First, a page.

Hardly a week goes by in China without some mention of the internationalization of the renminbi (RMB) — China’s currency.
The internationalization of the RMB is in full swing, and this means a lot of moving parts for banks in Asia. “Trade settlement, financing and borrowing, and payment and capital management are some of the RMB business opportunities we see in the wake of RMB globalization,” says Datuk KH Cheong, CEO of Greater China and general manager of the Hong Kong branch at Maybank, the largest bank in Malaysia. At present, Malaysia is the largest trading partner with China among ASEAN countries.
Both global and local banks in Asia are stepping up efforts to get prepared for this wave and this has created new job opportunities. “Putting in place a strong RMB capability remains a key strategic objective to us,” says Ian Massey, head of talent acquisition at Standard Chartered.
StanChart launched the Renminbi Globalization Index (RGI) in November 2012 to closely monitor the rise of RMB-related business across the globe. In its latest release on 10 March, the index went up 2.3% — the fastest in eight months.
At the moment, Hong Kong still remains the world’s biggest RMB offshore centre — and banks need a presence there. Clifford Lee, Head of Fixed Income at DBS, reveals that his origination and sales teams across the region have been growing in size in the past few years as the bank continues to make strides in the offshore RMB bonds space. In addition to offshore RMB bonds, the teams also do USD and HKD deals.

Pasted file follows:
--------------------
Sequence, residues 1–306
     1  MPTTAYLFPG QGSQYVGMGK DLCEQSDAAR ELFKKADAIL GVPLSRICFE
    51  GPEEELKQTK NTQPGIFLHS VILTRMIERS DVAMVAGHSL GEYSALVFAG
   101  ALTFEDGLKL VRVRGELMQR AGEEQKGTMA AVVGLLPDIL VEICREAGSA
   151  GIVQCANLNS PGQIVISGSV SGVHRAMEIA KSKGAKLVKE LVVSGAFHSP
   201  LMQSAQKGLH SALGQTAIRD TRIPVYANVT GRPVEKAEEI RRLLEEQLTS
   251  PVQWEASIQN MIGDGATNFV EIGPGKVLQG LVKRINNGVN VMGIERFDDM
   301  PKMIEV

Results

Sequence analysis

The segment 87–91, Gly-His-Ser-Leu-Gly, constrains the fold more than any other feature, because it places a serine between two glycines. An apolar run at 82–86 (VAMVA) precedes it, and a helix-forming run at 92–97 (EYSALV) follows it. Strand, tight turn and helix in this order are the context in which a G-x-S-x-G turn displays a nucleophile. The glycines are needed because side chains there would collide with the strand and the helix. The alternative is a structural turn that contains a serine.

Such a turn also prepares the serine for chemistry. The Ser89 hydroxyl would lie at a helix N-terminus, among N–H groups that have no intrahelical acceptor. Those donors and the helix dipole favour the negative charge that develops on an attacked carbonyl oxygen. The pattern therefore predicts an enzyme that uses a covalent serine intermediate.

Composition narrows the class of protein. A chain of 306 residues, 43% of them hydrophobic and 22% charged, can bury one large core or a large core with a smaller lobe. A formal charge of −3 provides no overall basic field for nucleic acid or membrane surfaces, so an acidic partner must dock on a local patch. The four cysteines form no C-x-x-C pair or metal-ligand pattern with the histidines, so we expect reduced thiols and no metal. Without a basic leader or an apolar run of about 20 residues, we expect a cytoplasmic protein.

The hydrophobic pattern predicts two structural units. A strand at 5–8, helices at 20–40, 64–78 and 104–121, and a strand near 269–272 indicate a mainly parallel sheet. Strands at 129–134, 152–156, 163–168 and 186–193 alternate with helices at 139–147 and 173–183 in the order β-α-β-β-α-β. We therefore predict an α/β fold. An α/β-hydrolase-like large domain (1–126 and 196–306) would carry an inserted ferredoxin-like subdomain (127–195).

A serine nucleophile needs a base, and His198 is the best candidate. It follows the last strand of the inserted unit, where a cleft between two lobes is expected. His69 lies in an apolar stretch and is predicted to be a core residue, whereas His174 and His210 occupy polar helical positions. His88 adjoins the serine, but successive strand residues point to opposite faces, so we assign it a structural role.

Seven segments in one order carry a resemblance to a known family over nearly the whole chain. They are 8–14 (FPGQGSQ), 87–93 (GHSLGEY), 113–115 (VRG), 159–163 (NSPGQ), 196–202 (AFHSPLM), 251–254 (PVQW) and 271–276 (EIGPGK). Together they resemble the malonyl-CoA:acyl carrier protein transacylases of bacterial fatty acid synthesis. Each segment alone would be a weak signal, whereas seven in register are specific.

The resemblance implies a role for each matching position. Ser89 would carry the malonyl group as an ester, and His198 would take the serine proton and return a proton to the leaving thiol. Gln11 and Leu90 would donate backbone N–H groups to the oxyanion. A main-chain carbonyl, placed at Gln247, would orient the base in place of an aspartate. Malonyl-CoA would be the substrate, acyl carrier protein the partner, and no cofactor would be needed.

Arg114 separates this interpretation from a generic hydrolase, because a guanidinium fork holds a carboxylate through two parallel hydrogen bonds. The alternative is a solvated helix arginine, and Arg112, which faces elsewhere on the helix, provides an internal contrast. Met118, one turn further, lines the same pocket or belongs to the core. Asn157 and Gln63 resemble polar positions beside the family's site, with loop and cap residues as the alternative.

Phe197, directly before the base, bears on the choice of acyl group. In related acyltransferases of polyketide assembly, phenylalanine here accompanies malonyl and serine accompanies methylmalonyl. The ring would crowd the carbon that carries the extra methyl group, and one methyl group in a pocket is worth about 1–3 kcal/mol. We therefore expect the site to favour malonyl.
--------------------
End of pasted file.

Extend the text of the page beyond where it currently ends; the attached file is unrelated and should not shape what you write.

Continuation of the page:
Barbara Liu, Maybank’s head of human capital for Hong Kong and China, says: “We are building our internal capabilities on all fronts as well as hiring from the open market to ensure that we are well prepared for the growth in RMB business.”
The need for seasoned bankers
Massey of StanChart says that those being hired into the RMB teams are “seasoned bankers who possess the necessary skills and expertise across areas like transaction banking, corporate finance, credit and lending” and it’s even better if this experience can be combined with a “strong client-coverage background”, because they are the ones who need to “have meaningful dialogues with our CFO and CEO clients”. They need to be “all rounders”, he adds.
Liu also says that Maybank is looking for client facing bankers with an innate ability to understand and build relationships with our customers. She says these bankers should also have a good understanding of credit and risk.
Apart from Hong Kong, some other major cities like Singapore, London, Taipei and even Frankfurt are are all vying to grab a bigger share of RMB. Recent data from payment company SWIFT shows that RMB has entered the top five of world payments currencies, just after US dollar, Euro, British Pound and Japanese Yen.
The rise of RMB business has naturally “created high demands on firms hiring and retaining their top talent”, says Massey of StanChart. As a result, he expects “salaries to rise in parallel to expertise and performance”.
While there is no shortage of CVs out there, Lee of DBS pointed out that you still need to “find the right one” that fits. He does note, however, that “you need to pay for good talent”.